By Phil Stewart and Tim Kelly
TOKYO (Reuters) – U.S. Defense Secretary Jim Mattis sought to reassure Japan on Friday that Washington was mindful of its interests in talks with North Korea, during a stop in Tokyo that underscored the close U.S. ally’s concerns about the negotiations.
Japan’s defense establishment was taken aback by the U.S. President Donald Trump’s recent decision to halt “expensive” military exercises with South Korea that have long been seen in Tokyo as a deterrent to North Korea’s threats.
Trump’s June 12 summit with North Korean leader Kim Jong Un in Singapore also did not appear to resolve Japanese security concerns about a missile program that Tokyo sees as a direct threat.
But Mattis, the most senior U.S. administration official to visit Japan, reaffirmed the U.S. goal of dismantling North Korea’s nuclear and ballistic missile programs. He said the U.S.-Japan alliance “stands firm” and undiminished by U.S.-North Korea talks.
“We’re in the midst of very unprecedented negotiations right now with North Korea. But in this dynamic time, the longstanding alliance between Japan and the United States stands firm,” Mattis said, standing alongside Defence Minister Itsunori Onodera.
Japanese Foreign Affairs Minister Taro Kono said the two allies needed to “keep our relations tight,” noting his concerns that international sanctions on North Korea remain in place until all of its weapons of mass destruction are eliminated — along with its ballistic missiles.
Tokyo has been repeatedly rattled in recent years by North Korean test missiles that have flown over Japan or landed in waters Japan claims as its exclusive economic zone.
“So, there are a lot of things that still need to be worked on,” he told Mattis.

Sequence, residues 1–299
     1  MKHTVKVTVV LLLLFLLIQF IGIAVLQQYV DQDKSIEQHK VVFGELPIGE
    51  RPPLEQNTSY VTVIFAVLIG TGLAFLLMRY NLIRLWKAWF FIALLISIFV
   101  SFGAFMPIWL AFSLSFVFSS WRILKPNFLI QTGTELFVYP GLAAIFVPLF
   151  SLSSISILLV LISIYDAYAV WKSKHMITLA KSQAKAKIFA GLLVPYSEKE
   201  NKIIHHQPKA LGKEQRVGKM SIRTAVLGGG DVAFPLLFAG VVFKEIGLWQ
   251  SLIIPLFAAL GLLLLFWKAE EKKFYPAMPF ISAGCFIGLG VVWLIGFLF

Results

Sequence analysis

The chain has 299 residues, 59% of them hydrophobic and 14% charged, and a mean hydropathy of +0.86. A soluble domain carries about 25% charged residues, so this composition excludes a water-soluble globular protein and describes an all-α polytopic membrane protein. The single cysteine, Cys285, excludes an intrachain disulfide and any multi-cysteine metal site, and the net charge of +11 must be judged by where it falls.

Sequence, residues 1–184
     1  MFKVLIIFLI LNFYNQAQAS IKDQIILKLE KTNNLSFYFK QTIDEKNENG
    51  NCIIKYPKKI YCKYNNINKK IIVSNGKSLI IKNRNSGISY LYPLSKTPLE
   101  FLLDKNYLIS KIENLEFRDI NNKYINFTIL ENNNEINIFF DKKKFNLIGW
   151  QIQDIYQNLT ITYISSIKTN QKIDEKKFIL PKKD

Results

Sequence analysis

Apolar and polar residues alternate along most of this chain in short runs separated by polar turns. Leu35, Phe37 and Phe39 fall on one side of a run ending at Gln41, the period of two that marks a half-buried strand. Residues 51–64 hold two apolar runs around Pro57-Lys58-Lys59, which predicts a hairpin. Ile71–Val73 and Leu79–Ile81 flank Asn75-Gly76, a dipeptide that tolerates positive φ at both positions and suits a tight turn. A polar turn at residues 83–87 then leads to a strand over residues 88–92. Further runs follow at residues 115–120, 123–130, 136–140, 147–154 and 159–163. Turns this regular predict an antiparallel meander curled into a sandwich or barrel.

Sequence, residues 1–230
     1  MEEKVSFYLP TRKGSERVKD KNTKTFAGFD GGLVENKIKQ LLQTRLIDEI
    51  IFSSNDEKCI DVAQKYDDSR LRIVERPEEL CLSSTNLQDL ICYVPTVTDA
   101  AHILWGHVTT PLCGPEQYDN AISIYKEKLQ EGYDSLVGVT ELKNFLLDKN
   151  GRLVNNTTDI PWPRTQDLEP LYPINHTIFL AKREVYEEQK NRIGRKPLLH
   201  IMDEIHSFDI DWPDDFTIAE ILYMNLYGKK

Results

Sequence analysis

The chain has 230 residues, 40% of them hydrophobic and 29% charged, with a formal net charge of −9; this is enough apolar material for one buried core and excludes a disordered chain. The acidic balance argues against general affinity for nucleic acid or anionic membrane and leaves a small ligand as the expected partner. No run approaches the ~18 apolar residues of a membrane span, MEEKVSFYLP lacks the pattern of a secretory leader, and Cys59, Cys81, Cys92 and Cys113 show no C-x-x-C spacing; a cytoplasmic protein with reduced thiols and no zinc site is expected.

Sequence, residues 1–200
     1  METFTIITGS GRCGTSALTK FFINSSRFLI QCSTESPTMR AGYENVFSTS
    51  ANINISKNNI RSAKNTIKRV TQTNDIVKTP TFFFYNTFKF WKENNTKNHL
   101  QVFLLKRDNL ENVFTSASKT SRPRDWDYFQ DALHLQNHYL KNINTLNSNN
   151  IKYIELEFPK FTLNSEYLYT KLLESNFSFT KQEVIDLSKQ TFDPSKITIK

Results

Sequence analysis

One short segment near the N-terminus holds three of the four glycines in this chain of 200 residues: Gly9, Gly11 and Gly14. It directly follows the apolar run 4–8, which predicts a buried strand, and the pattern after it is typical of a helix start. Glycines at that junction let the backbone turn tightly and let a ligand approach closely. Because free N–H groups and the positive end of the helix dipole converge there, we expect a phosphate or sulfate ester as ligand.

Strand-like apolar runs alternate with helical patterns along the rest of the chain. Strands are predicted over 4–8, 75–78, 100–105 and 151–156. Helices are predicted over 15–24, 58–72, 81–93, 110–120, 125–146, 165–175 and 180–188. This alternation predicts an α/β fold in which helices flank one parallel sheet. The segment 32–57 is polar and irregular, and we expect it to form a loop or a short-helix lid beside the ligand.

Japan, which hosts some 50,000 U.S. military personnel, including the biggest overseas concentration of U.S. Marines and a U.S. Navy carrier strike group, relies on Washington for its defense.
In another nod to Japanese concerns, Mattis repeatedly noted Japanese abducted by North Korea to train its spies, even noting a lapel pin worn by Onodera.
“I note with respect the blue lapel pin you wear, and we’re with you,” Mattis remarked as he sat down for talks at the defense ministry. He later said the abductee issue was “always present in our deliberations.”
Japan has been pressing the United States to make the issue of the abductees a priority in its talks with North Korea.
U.S. Ambassador William Hagerty hosted family members of Japanese abductees at his residence in Tokyo in April and regularly wears the pin and Trump raised the matter in Singapore.
Japan, which may seek direct talks with North Korea to discuss the return of any remaining abductees kidnapped during the 1970s and 1980s, has said it will not provide any economic aid to Pyongyang until the issue is resolved and normal diplomatic relations have been established.
HALTING ‘WAR GAMES’
Mattis was on the last stop of a week-long trip to Asia, where he offered similar reassurances to South Korea during a brief visit in Seoul on Thursday.
He assured the South Korean government of an “ironclad” commitment to its security, including keeping U.S. troop levels there of around 28,500 soldiers.
In Seoul and Tokyo, he also defended Trump’s decision to halt “war games,” saying it would help diplomats negotiate.
“This decision was taken to create space for our diplomats to negotiate strongly and increasing the prospects for a peaceful solution on the peninsula,” Mattis said.
“At the same time, we maintain a strong collaborative defensive stance to ensure our diplomats continue to negotiate from a position of unquestioned strength.”
Many national security experts have questioned the move to halt the exercises, saying it was a major concession to the North that could over time erode the readiness of U.S. and South Korean forces stationed on the peninsula.
(Reporting by Phil Stewart and Tim Kelly; Editing by Michael Perry and Richard Pullin)